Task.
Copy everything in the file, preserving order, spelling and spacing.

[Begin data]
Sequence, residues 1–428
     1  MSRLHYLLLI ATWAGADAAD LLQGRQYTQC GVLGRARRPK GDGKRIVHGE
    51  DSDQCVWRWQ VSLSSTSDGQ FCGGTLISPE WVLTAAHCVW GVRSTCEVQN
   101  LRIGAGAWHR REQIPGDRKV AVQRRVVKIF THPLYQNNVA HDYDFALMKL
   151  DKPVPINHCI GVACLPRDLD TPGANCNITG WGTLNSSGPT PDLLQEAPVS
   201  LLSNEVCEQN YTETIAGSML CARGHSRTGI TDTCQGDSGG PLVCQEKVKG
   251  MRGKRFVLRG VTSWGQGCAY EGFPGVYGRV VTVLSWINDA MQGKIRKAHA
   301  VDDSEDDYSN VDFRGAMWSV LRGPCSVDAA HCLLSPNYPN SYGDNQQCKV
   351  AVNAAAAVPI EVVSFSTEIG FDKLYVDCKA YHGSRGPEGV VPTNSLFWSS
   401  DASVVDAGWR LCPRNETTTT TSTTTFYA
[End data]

Sequence, residues 1–428
     1  MSRLHYLLLI ATWAGADAAD LLQGRQYTQC GVLGRARRPK GDGKRIVHGE
    51  DSDQCVWRWQ VSLSSTSDGQ FCGGTLISPE WVLTAAHCVW GVRSTCEVQN
   101  LRIGAGAWHR REQIPGDRKV AVQRRVVKIF THPLYQNNVA HDYDFALMKL
   151  DKPVPINHCI GVACLPRDLD TPGANCNITG WGTLNSSGPT PDLLQEAPVS
   201  LLSNEVCEQN YTETIAGSML CARGHSRTGI TDTCQGDSGG PLVCQEKVKG
   251  MRGKRFVLRG VTSWGQGCAY EGFPGVYGRV VTVLSWINDA MQGKIRKAHA
   301  VDDSEDDYSN VDFRGAMWSV LRGPCSVDAA HCLLSPNYPN SYGDNQQCKV
   351  AVNAAAAVPI EVVSFSTEIG FDKLYVDCKA YHGSRGPEGV VPTNSLFWSS
   401  DASVVDAGWR LCPRNETTTT TSTTTFYA